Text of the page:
Sarah Steventon - Psychotherapist For High Achievers Anxiety & Stress Expert Specialist in Extreme Pressure Environments Warwick, London & Birmingham

CEOs) and CFOs face a unique set of challenges and stressors than the rest of their organisation.

According to a recent survey from Norwest, many chief executives in the United States experience mental health challenges surrounding various issues, including a fear of failure (90 percent), worries about revenue growth (49 percent), and maintaining work-life balance (46 percent).

CEOs often find themselves isolated, and no-one to confide in. There is immense pressure to measure up to an image, and feel an expectation on them to be visionary and always in control.

As a leader, you have to jump on ideas and provide an environment where employees can be creative and take risks. This is extremely difficult to do if you’re not in good psychological shape yourself.






Complex decisions should be easy to the CEO, but when stress is brought into the mix, it can be catastrophic for the individual and in turn the organisation.

Psychological research has pointed to a few potential causes. Some research has shown that heightened stress levels cause our attention to narrow. Humans already have a tendency to focus on often irrelevant, but readily accessible, characteristics when making decisions.

However, struggling to remain rational in the face of stress isn’t merely a test of will, due to the fact that there are actual physiological mechanisms at work when we are acutely stressed out that impair our ability to make rational, clear-headed decisions.

Stress triggers our glands to release elevated levels of the hormone cortisol into our circulatory system as part of the so-called “fight or flight” response. Part of this process also reduces activity in our pre-frontal cortex, where thinking occurs, while adrenaline simultaneously elevates basic physiological activity, like increasing our heart rate and breathing. Our body is being primed for one binary but critical decision: attack the threat or flee from it. These mechanisms help with that simplistic job.

Cortisol can fire us up as we rapidly decide to defend ourselves or flee from a physical threat, but it’s highly counterproductive when it comes to rapidly weighing complex odds, or thinking strategically about the future of the business.

As humans, we generally crave certainty and use mental shortcuts when making decisions. Stress increases our reliance on these heuristics and makes us more prone to project patterns that aren’t there, which means we made potentially bad decisions, or mistakes, and then trusting our own judgement.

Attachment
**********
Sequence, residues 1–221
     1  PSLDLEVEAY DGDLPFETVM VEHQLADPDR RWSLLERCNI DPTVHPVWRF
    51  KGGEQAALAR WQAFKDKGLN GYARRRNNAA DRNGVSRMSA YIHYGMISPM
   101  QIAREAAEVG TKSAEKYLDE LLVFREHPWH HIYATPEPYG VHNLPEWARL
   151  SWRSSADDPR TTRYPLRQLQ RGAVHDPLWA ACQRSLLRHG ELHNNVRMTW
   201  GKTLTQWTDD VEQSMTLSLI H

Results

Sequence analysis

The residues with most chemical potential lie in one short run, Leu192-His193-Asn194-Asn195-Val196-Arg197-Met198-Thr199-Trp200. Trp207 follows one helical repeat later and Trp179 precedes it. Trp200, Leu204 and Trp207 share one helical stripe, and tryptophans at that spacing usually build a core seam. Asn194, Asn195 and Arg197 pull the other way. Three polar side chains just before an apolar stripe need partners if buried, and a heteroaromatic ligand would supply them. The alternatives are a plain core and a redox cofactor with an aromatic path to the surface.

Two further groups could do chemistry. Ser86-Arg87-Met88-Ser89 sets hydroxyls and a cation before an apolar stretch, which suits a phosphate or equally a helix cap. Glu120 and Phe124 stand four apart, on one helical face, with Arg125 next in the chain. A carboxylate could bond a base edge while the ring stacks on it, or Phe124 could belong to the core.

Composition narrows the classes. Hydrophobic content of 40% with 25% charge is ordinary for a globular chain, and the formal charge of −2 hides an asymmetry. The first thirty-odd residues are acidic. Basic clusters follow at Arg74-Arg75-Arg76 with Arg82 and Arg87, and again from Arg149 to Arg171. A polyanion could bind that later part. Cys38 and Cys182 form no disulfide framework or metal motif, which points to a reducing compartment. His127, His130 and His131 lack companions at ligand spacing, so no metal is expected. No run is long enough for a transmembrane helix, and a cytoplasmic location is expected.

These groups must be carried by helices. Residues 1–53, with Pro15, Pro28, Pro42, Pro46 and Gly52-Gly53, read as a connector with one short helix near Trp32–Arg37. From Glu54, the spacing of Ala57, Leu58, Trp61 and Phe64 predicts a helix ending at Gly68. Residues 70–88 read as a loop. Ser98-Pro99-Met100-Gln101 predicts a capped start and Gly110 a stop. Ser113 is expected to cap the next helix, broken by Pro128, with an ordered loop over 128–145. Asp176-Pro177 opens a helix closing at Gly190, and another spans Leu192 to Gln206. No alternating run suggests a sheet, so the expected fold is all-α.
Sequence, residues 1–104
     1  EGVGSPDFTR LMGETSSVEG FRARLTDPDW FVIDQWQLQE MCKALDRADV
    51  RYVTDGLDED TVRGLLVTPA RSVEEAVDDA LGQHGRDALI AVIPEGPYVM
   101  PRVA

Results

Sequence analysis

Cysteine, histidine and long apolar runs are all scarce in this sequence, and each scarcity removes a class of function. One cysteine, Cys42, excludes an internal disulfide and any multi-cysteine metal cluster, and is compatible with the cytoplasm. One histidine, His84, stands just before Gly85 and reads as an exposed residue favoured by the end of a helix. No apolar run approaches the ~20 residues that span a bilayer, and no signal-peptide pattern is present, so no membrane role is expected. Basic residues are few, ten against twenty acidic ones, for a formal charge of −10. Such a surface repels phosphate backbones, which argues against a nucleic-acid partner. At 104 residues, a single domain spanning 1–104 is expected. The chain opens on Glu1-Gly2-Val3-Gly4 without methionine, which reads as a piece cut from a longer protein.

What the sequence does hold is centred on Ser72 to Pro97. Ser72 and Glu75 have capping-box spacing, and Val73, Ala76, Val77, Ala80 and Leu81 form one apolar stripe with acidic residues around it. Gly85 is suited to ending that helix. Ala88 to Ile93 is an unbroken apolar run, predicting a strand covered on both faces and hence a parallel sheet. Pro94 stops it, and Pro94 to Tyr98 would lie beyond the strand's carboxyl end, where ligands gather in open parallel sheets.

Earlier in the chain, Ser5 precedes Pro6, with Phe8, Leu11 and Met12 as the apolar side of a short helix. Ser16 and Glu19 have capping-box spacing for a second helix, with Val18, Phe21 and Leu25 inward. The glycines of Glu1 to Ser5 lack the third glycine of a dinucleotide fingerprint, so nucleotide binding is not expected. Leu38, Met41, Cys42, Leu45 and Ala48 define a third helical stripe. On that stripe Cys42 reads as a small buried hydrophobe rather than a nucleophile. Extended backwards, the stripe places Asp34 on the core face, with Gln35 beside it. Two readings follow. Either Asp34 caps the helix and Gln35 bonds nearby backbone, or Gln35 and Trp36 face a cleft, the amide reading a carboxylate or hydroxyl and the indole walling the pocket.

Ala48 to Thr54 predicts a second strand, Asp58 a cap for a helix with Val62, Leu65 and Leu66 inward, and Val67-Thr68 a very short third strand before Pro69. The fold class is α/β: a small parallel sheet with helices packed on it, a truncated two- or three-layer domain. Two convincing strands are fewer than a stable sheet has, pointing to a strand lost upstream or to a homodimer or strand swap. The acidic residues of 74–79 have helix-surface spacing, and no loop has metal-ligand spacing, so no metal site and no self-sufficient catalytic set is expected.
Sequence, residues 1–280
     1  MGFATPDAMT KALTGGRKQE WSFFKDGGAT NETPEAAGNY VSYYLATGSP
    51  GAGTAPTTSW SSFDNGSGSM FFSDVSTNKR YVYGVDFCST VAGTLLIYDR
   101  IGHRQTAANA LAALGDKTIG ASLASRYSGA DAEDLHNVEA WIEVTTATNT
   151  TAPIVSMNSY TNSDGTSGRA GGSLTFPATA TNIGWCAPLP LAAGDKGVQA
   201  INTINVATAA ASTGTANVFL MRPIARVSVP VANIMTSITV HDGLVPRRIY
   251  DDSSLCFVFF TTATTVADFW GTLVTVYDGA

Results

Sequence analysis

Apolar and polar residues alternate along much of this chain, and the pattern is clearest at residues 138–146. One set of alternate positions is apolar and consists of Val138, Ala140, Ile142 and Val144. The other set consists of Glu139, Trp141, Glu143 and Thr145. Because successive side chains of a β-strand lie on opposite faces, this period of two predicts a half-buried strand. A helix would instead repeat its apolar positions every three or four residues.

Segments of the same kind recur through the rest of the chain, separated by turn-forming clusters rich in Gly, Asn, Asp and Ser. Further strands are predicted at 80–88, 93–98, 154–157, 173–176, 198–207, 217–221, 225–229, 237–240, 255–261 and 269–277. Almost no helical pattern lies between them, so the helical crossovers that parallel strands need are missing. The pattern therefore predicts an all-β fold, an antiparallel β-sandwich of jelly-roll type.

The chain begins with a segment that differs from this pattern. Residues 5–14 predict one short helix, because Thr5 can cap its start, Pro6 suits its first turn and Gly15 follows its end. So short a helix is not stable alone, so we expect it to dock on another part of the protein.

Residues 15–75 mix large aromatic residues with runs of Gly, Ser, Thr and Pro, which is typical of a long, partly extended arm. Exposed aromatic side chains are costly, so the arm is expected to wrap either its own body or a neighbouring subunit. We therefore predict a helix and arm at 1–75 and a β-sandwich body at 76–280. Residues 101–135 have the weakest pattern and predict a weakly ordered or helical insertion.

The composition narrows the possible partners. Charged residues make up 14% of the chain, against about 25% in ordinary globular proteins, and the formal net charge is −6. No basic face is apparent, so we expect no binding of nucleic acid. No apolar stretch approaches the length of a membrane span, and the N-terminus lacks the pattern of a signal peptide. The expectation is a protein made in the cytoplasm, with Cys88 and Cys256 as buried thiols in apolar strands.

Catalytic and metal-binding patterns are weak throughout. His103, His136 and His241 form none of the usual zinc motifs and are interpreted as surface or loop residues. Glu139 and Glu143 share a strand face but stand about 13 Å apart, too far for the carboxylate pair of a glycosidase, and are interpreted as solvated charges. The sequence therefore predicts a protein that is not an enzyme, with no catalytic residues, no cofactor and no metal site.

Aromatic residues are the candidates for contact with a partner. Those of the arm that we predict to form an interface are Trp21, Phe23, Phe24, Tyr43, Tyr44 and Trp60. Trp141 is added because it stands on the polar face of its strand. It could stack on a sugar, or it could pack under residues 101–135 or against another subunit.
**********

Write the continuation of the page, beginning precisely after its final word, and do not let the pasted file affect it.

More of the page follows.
We start to doubt our ability, and start feeling anxious, or irritable. We might feel we suddenly aren't capable of doing the job, or we suffer from what is commonly called 'Imposter syndrome'.

So in summary, if we are stressed, we are not thinking clearly, and certainly not operating at our best. But this can be easily fixed.

We can make a change to how you feel instantaneously, so you actually feel the difference there and then in the session.

This therapy is very process driven, so there is not the endless need for talking things though. The work is fast, so we get stuff sorted in super rapid time.

Everyone is different, so we hit your issues directly. Some common issues are listed below, but it may be something completely unique to you.

Burnout
Anger issues
Fear of failure
A lack of self-confidence or self-worth
Imposter syndrome
Stress, and feelings of isolation
Problems with switching off or relaxing
Issues with delegation, micro-management, or feeling out of control

Many coaches are now looking to train in psychotherapy, as they often feel unequipped to really help someone just by talking things through. Talking can help to a degree - but only to make you aware of the issues - it cannot actually help to change how you feel, like this style of therapy can.

Get in touch and make the change in a fast and simple way.


Are you a perfectionist?

Often successful individuals struggle with perfectionism or they are 'perfectionists'.

This can cause what we call "high functioning anxiety".

We often see these individuals don't seek help for many reasons - such as:

You consider it a double-edged sword and don't want to lose the positive influence of anxiety on your achievements.

You are worried that your work will suffer if you are not constantly driven to work hard out of fear.

You might think that because you seem to be achieving (strictly from an objective standpoint) it means you do not "need help" for your anxiety—or perhaps that you don't deserve help.

You might think that everyone struggles the way that you do and may think of it as normal. On the other hand, you might believe that you are just "bad" at dealing with life stress.

You've never told anyone about your internal struggles and your silence has reinforced the feeling that you can't ask for help

Unhealthy perfectionism is characterised by an excessive focus on control. Perfectionists can become extremely picky and preoccupied with making sure that everything is flawless, which can lead to attempts to control situations or people. This can contribute to stress and take a toll on interpersonal relationships.

The stress caused by this level of perfectionism can lead to feelings of anxiety and has been linked to outcomes such as low self-esteem, eating disorders, using alcohol or drugs in excess, sleep disturbances, and psychological distress


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